NEW YORK — Prosecutors rested on Friday after presenting evidence for seven weeks at the bribery trial of Sen. Bob Menendez, enabling the Democrat and two New Jersey businessmen to begin calling their own witnesses next week to support defense claims that no crimes were committed and no bribes were paid.

Before resting, prosecutors elicited details about the senator’s financial records by questioning an FBI forensic accountant.

Prosecutors say gold bars and hundreds of thousands of dollars in cash found in a 2022 raid of Menendez’s home were bribes paid by three businessmen from 2018 to 2022 in return for favors Menendez used his political power to carry out on their behalf.

Defense lawyers claim the gold belonged to his wife and that Menendez had a habit of storing cash at home after his family lost almost everything in Cuba before they moved to New York, where Menendez was born.

Menendez, 70, is on trial with two of the businessmen after a third pleaded guilty in a cooperation deal with the government and testified at the trial. Menendez’s wife, Nadine Menendez, is also charged in the case, which was unveiled last fall. Her trial has been postponed while she recovers from breast cancer surgery. All defendants have pleaded not guilty.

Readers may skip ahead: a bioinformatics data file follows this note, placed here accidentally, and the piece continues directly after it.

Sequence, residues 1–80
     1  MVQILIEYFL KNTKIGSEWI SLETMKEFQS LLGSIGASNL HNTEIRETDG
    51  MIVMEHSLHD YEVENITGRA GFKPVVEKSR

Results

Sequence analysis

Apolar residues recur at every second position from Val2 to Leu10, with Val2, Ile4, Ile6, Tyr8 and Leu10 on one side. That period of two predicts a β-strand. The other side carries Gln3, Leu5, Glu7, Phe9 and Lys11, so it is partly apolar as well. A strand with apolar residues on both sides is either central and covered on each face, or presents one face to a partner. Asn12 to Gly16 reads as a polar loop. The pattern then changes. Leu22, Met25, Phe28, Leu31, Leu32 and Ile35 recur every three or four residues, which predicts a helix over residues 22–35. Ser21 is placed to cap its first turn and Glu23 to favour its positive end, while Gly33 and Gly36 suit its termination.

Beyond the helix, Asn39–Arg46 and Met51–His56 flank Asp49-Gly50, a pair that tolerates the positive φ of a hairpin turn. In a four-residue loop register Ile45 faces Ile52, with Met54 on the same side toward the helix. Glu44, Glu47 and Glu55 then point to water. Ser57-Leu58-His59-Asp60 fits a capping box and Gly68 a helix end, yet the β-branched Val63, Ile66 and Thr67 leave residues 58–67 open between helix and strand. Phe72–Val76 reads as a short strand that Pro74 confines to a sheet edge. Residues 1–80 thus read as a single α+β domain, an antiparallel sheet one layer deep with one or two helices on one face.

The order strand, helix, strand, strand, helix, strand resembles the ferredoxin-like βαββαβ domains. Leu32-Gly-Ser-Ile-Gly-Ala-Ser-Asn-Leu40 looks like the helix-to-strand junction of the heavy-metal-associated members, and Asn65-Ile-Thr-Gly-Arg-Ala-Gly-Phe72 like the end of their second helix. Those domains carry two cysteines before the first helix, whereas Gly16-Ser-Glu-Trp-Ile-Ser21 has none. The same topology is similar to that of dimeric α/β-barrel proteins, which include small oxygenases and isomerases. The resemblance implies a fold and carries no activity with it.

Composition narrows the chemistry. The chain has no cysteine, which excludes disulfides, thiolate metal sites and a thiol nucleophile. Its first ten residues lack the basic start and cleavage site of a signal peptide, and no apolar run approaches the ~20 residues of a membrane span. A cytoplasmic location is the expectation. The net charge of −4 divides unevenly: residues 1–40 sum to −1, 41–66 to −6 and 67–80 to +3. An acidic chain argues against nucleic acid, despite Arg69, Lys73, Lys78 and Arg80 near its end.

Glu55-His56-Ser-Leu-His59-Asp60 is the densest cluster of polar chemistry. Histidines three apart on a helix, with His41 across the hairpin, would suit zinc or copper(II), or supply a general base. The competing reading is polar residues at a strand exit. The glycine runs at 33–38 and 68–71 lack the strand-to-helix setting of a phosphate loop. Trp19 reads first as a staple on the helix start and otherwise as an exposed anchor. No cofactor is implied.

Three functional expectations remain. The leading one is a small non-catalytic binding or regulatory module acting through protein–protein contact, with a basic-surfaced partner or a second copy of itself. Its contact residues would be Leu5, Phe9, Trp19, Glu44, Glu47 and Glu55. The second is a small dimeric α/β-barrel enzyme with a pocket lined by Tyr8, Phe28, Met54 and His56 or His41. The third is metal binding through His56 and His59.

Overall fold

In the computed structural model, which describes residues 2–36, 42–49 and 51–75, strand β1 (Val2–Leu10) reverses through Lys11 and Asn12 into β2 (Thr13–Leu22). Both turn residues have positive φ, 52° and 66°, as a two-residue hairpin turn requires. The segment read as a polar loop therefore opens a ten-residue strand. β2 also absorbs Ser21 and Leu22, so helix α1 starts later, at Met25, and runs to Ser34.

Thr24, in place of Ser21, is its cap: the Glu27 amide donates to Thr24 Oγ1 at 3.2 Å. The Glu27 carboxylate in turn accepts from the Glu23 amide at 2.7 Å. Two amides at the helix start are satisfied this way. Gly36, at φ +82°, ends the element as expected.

Menendez’s lawyers are planning to spend up to three days presenting testimony from several witnesses to support their argument that Nadine Arslanian kept Menendez in the dark about her financial troubles after she began dating him in early 2018.

They also plan to introduce testimony to try to show that Arslanian, who married Menendez in fall 2020, was in close contact with Menendez at the height of the alleged conspiracy in late 2018 and early 2019 because she was being harassed by an ex-boyfriend.

Judge Sidney H. Stein ruled on Wednesday that defense lawyers can elicit testimony to counter evidence introduced by prosecutors that might otherwise be interpreted to suggest that Nadine Arslanian and Menendez seemed to be closely following each other’s whereabouts because they were involved in the alleged conspiracy.

But he said he wouldn’t allow the jury to hear any evidence suggesting that she ended up in the hospital at one point as a result of an abusive relationship with an ex-boyfriend.

“This is not going to be ‘Days of Our Lives’ or some soap opera,” the judge warned lawyers.



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